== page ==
Looking a jump rope workout you can do at home? Then you’ve come to the right place.
Jumping rope is one of the best exercises to improve endurance, build strength, and burn calories in as little as 15 minutes. You don’t need a lot of gear or space, and you can jump rope virtually wherever and whenever you want.
In today’s article, I’m going to share with you the full guide to getting started with jump rope training, no matter your experience level.
By the end, you’ll learn more about:
- The benefits of skipping rope
- Can jump roping help you lose weight
- How to choose the right jump rope
- What jump rope is best for beginners
- Proper jump roping technique – how to jump rope
- How to get started
- Where should you jump rope
- Beginner Jump Rope Workout
- 22 Intermediate and advanced jump rope exercises
- And so much more
Let’s lace up and dig in.
Benefits of Jump Roping
Before I get into the list of jump rope moves, let me first explain some of the perks of skipping rope as well as how you can make use of it to achieve your fitness goals.
Improves athletic performance
There is a reason why elite boxers, tennis players, and some of the best athletes in the world use jump roping regularly: it delivers.
This training tool can help you boost agility, balance, speed, and coordination, helping you become the best runner (and athlete) you can be.
Powerful calves can help you run further and faster while reducing the risks of injury.
The rope can also help you increase your running speed by training your legs to decrease ground contact time, helping you be light on your feet and boosting stride frequency.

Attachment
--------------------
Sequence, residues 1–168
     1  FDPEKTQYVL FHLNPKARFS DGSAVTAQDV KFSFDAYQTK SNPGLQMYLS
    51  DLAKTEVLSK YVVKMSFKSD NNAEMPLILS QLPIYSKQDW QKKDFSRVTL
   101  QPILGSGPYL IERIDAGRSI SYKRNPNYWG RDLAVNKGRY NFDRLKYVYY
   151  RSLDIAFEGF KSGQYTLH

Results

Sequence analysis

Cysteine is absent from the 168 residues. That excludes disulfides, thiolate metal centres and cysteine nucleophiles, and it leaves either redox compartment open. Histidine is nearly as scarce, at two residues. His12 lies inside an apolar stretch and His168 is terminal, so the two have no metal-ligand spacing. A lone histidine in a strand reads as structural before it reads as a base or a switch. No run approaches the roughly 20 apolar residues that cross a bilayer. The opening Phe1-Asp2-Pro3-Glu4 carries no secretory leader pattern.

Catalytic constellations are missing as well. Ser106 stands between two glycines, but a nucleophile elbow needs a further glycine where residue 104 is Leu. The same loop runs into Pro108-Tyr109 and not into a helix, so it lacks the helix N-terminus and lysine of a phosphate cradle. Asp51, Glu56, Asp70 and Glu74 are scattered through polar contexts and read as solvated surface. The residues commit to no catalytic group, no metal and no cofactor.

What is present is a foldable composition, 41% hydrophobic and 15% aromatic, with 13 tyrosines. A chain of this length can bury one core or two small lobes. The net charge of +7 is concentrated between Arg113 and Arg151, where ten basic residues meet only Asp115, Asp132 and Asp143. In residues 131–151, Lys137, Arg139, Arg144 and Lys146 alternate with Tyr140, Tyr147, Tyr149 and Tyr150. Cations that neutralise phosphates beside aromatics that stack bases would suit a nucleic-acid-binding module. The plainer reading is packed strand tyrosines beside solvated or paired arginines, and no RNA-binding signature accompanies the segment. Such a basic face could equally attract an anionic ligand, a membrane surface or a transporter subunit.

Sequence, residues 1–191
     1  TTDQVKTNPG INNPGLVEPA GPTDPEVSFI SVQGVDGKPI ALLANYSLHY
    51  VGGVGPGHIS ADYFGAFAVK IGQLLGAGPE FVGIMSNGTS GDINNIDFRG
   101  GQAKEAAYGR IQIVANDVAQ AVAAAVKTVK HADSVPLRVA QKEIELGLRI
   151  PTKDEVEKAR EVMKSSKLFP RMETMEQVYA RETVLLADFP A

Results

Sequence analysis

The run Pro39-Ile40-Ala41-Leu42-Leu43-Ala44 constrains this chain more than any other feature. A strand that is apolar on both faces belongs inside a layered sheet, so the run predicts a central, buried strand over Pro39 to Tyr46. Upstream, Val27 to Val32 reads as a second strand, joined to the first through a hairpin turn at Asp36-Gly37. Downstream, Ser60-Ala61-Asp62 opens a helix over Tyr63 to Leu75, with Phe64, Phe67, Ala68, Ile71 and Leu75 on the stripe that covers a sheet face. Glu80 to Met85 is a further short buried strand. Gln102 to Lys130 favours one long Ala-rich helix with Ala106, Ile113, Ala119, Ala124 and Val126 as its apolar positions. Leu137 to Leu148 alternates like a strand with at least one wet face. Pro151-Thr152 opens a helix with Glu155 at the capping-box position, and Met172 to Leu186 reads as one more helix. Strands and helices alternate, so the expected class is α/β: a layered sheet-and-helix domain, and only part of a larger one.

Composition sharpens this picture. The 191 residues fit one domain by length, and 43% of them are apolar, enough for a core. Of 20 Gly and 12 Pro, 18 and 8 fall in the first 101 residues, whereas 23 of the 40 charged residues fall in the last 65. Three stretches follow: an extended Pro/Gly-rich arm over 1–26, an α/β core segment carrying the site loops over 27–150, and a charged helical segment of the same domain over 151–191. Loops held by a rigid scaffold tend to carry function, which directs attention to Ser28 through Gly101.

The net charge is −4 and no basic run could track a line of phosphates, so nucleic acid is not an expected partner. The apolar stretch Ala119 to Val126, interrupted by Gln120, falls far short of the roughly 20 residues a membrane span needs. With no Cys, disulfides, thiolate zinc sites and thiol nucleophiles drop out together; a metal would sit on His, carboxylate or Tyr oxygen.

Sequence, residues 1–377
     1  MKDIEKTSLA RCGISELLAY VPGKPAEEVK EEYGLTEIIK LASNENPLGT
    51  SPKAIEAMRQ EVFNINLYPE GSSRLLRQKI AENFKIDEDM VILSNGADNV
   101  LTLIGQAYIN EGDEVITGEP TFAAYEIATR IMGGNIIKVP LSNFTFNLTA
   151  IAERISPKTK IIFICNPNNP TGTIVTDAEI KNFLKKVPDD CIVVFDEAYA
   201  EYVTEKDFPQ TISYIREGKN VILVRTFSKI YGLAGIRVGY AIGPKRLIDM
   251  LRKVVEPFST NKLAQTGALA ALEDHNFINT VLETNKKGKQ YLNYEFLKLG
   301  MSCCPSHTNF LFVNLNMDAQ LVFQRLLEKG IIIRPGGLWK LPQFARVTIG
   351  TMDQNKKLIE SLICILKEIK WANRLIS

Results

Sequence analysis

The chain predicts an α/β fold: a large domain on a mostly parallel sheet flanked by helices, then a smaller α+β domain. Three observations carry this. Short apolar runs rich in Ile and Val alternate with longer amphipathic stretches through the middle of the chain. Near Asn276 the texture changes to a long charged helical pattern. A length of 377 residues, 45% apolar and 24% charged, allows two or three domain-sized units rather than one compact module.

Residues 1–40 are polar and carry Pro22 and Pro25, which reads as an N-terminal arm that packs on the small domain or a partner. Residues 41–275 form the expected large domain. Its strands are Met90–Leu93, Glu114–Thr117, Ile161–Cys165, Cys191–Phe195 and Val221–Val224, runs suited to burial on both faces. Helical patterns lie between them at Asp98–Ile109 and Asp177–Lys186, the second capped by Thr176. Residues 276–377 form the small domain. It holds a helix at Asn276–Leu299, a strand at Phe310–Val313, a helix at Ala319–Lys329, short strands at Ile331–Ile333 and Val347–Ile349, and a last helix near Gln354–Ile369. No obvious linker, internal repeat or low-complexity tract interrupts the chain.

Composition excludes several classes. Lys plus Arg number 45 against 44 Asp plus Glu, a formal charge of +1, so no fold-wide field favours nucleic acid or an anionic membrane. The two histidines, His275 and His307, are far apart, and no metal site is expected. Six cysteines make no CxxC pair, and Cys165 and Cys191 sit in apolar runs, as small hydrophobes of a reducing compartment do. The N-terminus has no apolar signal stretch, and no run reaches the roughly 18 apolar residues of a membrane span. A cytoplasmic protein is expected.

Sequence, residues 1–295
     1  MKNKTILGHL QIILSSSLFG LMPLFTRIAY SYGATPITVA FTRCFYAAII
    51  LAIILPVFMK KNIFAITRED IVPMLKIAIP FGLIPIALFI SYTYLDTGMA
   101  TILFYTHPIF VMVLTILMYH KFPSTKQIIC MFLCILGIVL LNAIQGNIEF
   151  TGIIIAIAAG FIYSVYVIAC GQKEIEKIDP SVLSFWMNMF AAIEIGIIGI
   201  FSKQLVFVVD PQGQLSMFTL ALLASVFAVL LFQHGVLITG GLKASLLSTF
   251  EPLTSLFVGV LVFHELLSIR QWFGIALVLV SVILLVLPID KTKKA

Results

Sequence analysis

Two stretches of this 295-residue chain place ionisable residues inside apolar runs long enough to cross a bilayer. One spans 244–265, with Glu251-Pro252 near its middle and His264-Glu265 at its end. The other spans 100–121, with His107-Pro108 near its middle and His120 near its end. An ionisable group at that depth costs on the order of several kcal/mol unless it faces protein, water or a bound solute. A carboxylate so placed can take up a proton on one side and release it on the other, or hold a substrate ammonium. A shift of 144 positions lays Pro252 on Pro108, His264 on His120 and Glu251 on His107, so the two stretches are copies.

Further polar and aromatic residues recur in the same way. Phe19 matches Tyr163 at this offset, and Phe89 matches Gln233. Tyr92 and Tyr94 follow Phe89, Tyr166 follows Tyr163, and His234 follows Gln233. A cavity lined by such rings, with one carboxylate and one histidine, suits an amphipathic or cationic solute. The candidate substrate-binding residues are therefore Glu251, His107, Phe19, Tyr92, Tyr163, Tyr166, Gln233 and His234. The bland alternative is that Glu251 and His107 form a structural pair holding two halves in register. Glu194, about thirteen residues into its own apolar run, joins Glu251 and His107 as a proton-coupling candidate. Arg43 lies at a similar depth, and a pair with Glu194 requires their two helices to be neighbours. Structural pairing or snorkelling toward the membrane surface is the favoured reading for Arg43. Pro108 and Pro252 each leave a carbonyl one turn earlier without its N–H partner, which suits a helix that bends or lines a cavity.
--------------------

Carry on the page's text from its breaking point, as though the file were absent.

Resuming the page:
Sheds mad calorie
Sure, running burns a lot of calories, but so does jumping rope.
According to a study, 10 minutes of nonstop rope jumping at 120 RPMs can burn as many calories as jogging for 30 minutes, 720 yards of swimming, or two sets of tennis singles.
Pass a Plateau
The rope can help if you’re facing a plateau or just want to change things up.
Yeah, obviously, you can practically do jump rope training almost everywhere.
You can virtually perform jump rope exercises almost everywhere. It’s a simple and quick workout. You can take a jump rope with you wherever you go. You can perform the exercises at home, or you can take it outdoors. It’s really up to you.
Jumping Rope is Cheap
A good jumping rope will not cost you more than $10 if you don’t have a jump rope someplace in your house.
Of course, top-of-the-line brands made with the best materials will cost more but nothing more than $60.
Choosing the Right Jump Rope